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An object deriving from a base class typically contains additional member variables that extend the base class. When by-value assigning or copying an object of the derived type to an object of the base type, those additional member variables are not copied because the base class contains insufficient space in which to store them. This action is commonly called slicing the object because the additional members are "sliced off" the resulting object.

Do not initialize an object of base class type with an object of derived class type, except through references, pointers, or pointer-like abstractions (such as std::unique_ptr, or std::shared_ptr).

Noncompliant Code Example

In this noncompliant code example, an object of the derived Manager type is passed by value to a function accepting a base Employee type. Consequently, the Manager objects are sliced, resulting in information loss and unexpected behavior when the print() function is called.

#include <iostream>
#include <string>

class Employee {
  std::string name;
  
protected:
  virtual void print(std::ostream &os) const {
    os << "Employee: " << get_name() << std::endl;      
  }
  
public:
  Employee(const std::string &name) : name(name) {}
  const std::string &get_name() const { return name; }
  friend std::ostream &operator<<(std::ostream &os, const Employee &e) {
    e.print(os);
    return os;
  }
};
 
class Manager : public Employee {
  Employee assistant;
  
protected:
  void print(std::ostream &os) const override {
    os << "Manager: " << get_name() << std::endl;
    os << "Assistant: " << std::endl << "\t" << get_assistant() << std::endl;      
  }
  
public:
  Manager(const std::string &name, const Employee &assistant) : Employee(name), assistant(assistant) {}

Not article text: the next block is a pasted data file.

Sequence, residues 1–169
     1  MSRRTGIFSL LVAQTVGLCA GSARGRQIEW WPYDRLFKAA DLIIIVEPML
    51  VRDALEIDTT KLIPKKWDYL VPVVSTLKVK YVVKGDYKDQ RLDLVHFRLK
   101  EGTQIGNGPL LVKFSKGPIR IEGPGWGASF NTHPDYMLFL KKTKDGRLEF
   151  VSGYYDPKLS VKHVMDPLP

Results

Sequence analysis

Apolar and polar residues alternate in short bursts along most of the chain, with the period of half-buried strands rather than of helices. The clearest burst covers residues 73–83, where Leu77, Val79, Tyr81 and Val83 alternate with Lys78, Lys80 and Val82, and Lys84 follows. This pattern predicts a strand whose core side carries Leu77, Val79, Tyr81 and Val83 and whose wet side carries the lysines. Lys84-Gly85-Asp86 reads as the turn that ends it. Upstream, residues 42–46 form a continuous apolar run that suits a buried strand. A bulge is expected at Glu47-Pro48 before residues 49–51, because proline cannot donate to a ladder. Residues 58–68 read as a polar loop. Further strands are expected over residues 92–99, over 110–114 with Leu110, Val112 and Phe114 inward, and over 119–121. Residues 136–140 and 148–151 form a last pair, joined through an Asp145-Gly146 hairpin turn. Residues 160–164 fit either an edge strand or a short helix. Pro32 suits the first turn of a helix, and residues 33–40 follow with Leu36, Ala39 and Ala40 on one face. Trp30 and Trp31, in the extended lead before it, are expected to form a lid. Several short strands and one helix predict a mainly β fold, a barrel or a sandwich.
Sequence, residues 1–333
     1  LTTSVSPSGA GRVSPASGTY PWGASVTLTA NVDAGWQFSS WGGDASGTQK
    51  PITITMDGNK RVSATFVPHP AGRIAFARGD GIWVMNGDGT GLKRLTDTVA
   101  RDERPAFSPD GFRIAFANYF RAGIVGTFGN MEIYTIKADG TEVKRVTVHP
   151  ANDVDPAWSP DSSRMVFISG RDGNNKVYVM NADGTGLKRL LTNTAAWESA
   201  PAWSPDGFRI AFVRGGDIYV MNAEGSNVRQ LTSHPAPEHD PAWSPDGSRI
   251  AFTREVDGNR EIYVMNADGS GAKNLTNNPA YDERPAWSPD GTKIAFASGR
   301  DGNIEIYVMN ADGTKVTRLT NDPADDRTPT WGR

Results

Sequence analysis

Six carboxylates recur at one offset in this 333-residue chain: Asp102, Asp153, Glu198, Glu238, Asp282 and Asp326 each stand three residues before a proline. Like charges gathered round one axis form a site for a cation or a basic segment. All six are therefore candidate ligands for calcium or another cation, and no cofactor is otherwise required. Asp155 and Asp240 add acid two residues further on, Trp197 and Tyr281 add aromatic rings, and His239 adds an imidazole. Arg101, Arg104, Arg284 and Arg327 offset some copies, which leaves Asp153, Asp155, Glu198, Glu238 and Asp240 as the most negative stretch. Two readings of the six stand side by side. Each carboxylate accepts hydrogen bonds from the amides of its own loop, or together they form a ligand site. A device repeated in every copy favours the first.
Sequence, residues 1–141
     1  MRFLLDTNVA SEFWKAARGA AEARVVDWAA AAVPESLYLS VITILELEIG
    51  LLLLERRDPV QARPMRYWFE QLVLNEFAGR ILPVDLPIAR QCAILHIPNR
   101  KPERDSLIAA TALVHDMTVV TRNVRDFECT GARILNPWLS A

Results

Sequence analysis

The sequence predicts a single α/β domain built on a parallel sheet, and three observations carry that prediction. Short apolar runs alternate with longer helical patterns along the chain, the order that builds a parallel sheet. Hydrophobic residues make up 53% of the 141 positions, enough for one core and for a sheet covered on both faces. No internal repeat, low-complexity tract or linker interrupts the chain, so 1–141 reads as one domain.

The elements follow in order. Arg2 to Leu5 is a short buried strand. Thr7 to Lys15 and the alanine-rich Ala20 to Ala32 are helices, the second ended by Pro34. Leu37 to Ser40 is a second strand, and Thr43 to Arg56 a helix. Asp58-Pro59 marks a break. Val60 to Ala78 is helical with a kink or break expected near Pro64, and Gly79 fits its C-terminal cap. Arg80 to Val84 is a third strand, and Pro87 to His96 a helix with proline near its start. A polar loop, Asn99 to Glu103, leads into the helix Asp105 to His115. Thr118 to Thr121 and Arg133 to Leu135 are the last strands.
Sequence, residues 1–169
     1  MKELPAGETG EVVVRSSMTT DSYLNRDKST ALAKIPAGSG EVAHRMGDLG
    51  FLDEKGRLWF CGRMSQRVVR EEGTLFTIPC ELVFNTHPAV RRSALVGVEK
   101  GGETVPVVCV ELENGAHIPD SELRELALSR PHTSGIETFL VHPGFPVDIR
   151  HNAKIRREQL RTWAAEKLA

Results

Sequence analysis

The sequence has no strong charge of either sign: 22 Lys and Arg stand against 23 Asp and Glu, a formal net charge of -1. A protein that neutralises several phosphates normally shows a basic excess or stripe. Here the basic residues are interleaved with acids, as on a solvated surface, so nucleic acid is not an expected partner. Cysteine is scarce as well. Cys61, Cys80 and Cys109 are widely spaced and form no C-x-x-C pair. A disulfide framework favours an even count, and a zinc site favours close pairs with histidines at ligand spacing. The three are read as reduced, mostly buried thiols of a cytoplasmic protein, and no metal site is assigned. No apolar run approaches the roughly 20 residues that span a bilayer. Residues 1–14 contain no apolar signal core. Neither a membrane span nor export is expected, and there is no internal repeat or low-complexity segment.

const Employee &get_assistant() const { return assistant; }
};

void f(Employee e) {
  std::cout << e;    
}

int main() {
  Employee coder("Joe Smith");
  Employee typist("Bill Jones");
  Manager designer("Jane Doe", typist);
  
  f(coder);
  f(typist);
  f(designer);
}

When f() is called with the designer argument, the formal parameter in f() is sliced and information is lost. When the object e is printed, Employee::print() is called instead of Manager::print(), resulting in the following output:

Employee: Jane Doe

Compliant Solution (Pointers)

Using the same class definitions as the noncompliant code example, this compliant solution modifies the definition of f() to require raw pointers to the object, removing the slicing problem.

// Remainder of code unchanged...
 
void f(const Employee *e) {
  if (e) {
    std::cout << *e;
  }
}

int main() {
  Employee coder("Joe Smith");
  Employee typist("Bill Jones");
  Manager designer("Jane Doe", typist);
  
  f(&coder);
  f(&typist);
  f(&designer);
}

This compliant solution also complies with EXP34-C. Do not dereference null pointers in the implementation of f(). With this definition, the program correctly outputs the following.

Employee: Joe Smith
Employee: Bill Jones
Manager: Jane Doe
Assistant: 
	Employee: Bill Jones

Compliant Solution (References)

An improved compliant solution, which does not require guarding against null pointers within f(), uses references instead of pointers.

// ... Remainder of code unchanged ...
 
void f(const Employee &e) {
  std::cout << e;
}

int main() {
  Employee coder("Joe Smith");
  Employee typist("Bill Jones");
  Manager designer("Jane Doe", typist);
  
  f(coder);
  f(typist);
  f(designer);
}

Compliant Solution (Noncopyable)